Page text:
The following two leadership vignettes provide contrasting examples of Nurturing Holistic Leadership.
Sounds into Syllables
Leadership resides at all levels of organizations and communities, and is not specific to certain age groups. Many young people, including teenagers, have done exceptional things for their communities and society. Kayla Cornale received a Gold Medal for Health Sciences at the 2006 Canada Wide Science Fair. At the time Kayla was a grade 11 student in Burlington, Ontario. Her project was entitled Sounds into Syllables: Windows to the World of Childhood Autism.
As a high school student Kayla wanted to have a closer relationship with her cousin, Lorena. However, due to Lorena’s autism this proved very difficult. As she watched Lorena memorize songs, something she excelled at, Kayla got the idea to use the piano as the medium for communication. By assigning letters of the alphabet to the middle keys in the form of chords, Kayla then connected them to language. The result was a trademarked patent viewed as a major breakthrough in autism research.
Kayla’s Sounds into Syllables method was used in a number of school districts around the Province of Ontario starting in 2004. Winning over 50 awards world-wide, Kayla represented Canada at the Intel International Science and Engineering Fair in 2005 and 2006, placing 1st in the world in the category of behavioral and social sciences.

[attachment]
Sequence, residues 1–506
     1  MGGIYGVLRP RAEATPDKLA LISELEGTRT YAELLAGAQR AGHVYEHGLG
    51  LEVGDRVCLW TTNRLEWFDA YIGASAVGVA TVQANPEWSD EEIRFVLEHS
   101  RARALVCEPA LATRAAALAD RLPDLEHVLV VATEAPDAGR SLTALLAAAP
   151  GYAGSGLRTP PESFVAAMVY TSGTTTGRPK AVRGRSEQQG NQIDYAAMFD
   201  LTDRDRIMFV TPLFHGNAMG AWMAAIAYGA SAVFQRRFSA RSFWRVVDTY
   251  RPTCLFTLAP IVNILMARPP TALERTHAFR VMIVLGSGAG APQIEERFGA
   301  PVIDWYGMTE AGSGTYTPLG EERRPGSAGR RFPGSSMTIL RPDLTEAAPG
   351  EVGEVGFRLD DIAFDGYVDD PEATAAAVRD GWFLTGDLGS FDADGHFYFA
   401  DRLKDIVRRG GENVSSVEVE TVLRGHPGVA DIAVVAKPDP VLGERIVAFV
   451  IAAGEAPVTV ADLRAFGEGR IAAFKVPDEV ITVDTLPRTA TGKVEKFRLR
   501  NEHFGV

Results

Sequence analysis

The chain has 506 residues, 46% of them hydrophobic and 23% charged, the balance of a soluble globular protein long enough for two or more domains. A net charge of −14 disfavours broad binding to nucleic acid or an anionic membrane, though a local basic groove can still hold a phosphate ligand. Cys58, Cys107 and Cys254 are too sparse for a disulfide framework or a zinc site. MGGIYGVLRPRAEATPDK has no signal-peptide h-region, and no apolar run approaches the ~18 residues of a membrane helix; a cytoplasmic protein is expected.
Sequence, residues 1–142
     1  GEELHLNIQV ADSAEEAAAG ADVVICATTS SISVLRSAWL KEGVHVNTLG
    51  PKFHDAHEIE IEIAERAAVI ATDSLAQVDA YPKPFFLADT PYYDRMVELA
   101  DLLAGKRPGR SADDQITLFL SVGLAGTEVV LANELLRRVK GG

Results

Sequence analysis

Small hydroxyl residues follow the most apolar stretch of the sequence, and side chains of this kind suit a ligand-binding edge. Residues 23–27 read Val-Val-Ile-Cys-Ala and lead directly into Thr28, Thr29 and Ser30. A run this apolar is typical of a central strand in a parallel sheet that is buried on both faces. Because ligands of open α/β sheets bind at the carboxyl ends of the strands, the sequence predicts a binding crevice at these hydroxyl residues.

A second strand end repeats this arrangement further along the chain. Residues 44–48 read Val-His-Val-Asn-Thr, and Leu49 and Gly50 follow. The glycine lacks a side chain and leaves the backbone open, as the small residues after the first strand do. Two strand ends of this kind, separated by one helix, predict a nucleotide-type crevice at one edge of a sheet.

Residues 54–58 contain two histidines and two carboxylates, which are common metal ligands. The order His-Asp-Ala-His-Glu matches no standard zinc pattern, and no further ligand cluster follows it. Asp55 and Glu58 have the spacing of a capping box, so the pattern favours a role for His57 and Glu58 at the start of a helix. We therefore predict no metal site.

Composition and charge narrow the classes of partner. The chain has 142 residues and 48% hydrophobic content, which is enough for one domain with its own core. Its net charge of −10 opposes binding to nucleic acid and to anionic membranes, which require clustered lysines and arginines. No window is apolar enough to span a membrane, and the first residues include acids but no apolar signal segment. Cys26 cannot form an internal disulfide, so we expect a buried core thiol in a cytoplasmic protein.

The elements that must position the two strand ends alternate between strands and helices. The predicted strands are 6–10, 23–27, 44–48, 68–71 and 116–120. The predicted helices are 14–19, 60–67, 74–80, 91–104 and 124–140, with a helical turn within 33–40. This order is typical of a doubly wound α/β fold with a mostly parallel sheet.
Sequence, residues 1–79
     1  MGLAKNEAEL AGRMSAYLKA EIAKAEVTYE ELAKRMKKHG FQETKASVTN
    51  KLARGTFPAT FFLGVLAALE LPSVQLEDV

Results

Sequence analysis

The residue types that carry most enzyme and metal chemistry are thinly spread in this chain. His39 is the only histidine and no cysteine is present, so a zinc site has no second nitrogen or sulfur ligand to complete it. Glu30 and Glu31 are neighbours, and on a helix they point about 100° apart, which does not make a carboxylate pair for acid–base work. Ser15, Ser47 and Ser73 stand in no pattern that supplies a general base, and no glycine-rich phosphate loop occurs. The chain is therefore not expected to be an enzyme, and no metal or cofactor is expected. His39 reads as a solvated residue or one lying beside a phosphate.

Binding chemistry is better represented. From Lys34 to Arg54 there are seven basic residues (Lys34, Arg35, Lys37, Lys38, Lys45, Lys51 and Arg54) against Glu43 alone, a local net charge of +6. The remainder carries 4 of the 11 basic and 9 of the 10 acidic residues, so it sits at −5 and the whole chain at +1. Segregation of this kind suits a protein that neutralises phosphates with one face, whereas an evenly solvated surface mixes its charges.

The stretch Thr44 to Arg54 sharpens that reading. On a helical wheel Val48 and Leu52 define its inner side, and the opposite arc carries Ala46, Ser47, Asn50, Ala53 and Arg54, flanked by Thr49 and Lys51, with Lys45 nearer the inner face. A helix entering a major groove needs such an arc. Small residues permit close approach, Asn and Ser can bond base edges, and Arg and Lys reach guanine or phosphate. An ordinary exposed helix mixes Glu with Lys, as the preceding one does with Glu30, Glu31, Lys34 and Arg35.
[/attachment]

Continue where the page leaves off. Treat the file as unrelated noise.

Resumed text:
Kayla was later recognized by CNN’s Heroes’ Award in November 2007. Indeed, she was the only Canadian finalist among 7,000 people nominated by viewers in 80 countries, and one of the three finalists in the Young Wonders category for people under 18. She received a scholarship to Stanford University in California, graduating in 2011 with a BA and a Masters of Linguistics in 2012.
Captain Nichola Goddard was the first female Canadian soldier to be killed in combat since the Second World War. Her death occurred on May 17, 2006 during a brutal firefight with the Taliban in the Panjwaye District in Afghanistan. Goddard’s role as crew commander was to call in artillery fire. This meant being in a forward position during the battle and physically exposing herself. A rocket propelled grenade fired by the Taliban struck her LAV vehicle, exploding on impact and killing her instantly.
Her husband received on Goddard’s behalf the Memorial Cross (also known as the Silver Cross).
A strong student and member of the debating club, Captain Goddard received a scholarship to attend Royal Military College in Kingston, Ontario. Despite her fondness for the military, she was also deeply interested in humanitarian issues and how to bring about peace in areas of conflict. Because of imperfect vision she wasn’t able to join the Air Force and chose the Army instead. Her strong math skills lead her to specialize in artillery.
Captain Goddard was highly regarded by her peers, and remembered for her vivaciousness, kindness and listening skills. Serving her country was more than just about being a soldier and learning technical skills, but about leadership and how to make the world a better place.
The gateways to wisdom and knowledge are always open. (Louise Hay)